Alan Moran’s May edition of Climate News. An alarming survey of human folly around the world,
Polls show US voters overwhelmingly favour the proposed deeper reductions in emissions.
The US is starting to ban fracking, which has proved to be environmentally safe and has also been responsible for lowering US greenhouse gases. 95 per cent of US oil and gas is produced by the technology, which has transformed the US into a net energy exporter.
The Biden administration plans to switch subsidies provided to fossil fuels (mainly comprising rapid write-off of drilling costs) to support for renewables. A new subsidy for blending biofuels with fossil fuels is also planned.
US Dept. of the Interior Secretary Deb Haaland who identifies as native American has established a Climate Task Force to accelerate renewable energy development and to seek input through tribal consultation.
13 Noble laureates, headed by the Australian National University’s Vice Chancellor Brian Schmidt, issued an “urgent call for climate action”.
AND A CHANGE OF PACE A dive into the Bob Gould archive.
His thoughts on the passing of Paddy McGuinness. My enemy is dead and I mourn him.
Something that made me crack up in one of the obituaries, while it may be true, is that Paddy said while he was declining that he didn’t want any bloody priests. That may be so, because in the past few years he knocked around a bit with bishops and cardinals. There’s a picture of his eminence, Cardinal George Pell, locked in serious discussion with John Howard at a Quadrant dinner.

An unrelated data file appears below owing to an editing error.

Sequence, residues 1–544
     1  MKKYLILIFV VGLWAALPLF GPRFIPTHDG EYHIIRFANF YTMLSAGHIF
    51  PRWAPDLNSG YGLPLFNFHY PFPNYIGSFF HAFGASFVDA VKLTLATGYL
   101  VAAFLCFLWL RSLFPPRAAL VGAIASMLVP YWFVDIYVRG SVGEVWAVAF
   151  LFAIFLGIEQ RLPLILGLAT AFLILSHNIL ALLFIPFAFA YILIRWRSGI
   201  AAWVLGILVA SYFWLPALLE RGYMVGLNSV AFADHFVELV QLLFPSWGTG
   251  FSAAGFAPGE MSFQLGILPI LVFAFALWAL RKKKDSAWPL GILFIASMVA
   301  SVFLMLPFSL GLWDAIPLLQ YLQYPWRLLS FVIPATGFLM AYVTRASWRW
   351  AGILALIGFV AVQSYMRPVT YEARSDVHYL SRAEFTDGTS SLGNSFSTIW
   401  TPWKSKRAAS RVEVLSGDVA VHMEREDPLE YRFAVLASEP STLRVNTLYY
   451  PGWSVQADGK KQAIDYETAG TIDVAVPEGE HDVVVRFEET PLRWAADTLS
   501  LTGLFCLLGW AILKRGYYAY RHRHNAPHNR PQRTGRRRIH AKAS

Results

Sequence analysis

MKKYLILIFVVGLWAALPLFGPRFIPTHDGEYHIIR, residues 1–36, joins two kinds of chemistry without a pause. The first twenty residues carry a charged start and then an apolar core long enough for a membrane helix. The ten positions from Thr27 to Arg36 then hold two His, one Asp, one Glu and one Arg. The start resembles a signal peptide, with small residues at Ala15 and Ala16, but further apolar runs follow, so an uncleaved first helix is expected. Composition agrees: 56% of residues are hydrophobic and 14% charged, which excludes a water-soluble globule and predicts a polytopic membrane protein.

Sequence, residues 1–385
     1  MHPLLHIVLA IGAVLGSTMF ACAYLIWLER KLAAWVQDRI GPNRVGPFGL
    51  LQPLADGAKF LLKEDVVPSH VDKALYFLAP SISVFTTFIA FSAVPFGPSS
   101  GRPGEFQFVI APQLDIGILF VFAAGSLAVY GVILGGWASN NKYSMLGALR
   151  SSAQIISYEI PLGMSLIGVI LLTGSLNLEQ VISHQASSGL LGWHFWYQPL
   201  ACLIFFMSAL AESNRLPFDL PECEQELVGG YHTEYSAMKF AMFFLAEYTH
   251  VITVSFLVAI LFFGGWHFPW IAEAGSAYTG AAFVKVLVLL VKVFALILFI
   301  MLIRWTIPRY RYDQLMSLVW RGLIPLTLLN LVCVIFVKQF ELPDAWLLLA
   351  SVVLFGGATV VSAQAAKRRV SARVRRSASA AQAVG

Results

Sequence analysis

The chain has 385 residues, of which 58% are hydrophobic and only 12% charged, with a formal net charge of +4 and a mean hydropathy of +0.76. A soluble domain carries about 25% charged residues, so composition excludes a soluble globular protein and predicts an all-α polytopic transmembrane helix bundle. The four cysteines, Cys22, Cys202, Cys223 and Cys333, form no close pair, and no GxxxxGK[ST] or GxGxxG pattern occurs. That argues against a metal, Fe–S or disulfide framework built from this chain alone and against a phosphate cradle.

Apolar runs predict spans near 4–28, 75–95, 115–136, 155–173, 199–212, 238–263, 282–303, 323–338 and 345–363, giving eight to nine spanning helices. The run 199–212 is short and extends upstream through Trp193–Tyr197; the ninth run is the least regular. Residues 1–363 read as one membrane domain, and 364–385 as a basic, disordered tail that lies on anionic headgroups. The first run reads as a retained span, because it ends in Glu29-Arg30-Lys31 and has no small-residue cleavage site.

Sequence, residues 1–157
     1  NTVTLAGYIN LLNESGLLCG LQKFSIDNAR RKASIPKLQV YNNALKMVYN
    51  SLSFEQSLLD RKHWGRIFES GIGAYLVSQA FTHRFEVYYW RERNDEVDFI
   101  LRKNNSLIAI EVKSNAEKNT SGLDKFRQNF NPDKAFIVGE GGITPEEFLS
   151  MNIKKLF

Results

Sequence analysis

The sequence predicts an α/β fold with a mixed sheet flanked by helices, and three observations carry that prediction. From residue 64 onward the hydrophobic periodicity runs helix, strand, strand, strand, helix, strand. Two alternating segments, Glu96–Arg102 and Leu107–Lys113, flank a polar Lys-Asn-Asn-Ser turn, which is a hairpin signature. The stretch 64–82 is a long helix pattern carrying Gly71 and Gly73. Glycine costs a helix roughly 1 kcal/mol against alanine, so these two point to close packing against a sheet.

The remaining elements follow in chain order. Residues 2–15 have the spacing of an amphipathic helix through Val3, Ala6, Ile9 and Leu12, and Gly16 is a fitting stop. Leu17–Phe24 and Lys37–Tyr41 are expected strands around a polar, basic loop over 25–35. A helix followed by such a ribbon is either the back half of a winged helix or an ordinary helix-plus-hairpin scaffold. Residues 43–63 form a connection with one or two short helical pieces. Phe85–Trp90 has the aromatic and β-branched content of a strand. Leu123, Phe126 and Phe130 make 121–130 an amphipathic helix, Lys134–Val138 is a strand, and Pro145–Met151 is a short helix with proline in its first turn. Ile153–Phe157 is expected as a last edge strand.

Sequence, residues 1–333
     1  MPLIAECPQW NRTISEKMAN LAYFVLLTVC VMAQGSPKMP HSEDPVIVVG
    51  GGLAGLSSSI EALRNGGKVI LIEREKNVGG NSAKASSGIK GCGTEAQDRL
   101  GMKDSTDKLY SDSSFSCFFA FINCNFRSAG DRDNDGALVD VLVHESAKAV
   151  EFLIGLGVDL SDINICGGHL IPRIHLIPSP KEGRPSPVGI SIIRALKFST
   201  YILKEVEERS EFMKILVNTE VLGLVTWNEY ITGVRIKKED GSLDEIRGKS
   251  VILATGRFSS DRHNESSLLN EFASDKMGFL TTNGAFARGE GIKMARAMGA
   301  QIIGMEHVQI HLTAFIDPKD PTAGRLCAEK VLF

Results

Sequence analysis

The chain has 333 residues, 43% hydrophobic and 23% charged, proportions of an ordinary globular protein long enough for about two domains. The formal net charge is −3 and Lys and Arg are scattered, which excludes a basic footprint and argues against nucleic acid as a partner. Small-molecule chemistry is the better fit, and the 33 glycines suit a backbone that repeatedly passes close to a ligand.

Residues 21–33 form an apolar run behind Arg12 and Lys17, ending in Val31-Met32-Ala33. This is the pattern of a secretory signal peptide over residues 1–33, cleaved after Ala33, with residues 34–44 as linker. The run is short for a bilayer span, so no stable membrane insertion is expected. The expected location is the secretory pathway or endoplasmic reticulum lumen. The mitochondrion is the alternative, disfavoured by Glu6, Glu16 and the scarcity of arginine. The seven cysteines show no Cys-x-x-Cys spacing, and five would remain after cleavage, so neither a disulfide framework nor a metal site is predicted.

In the past couple of years McGuinness, due to the confluence of their social views on some questions, became Pell’s favourite atheist, and I’ve heard His Eminence speak approvingly of McGuinness on a couple of occasions.
That extraordinary master of personal abuse and vitriol, Paul Keating, has just published in the Australian Financial Review a vintage attack on McGuinness. While he quite properly has a go at McGuinness for his support for the former Howard government’s anti-union laws, the main thrust of Keating’s diatribe is McGuinness’s alleged failure to acknowledge Keating’s personal role in the massive deregulation of the Australian economy.
It requires all of Keating’s spectacular hubris to launch a boisterous attack on a bloke who has just died, essentially from McGuinness’s right. Attacking McGuinness from the right takes a lot of doing. Keating is a bit like Jack Lang was in later life, a larger than life hater, and he requires all his hubris to carry it off.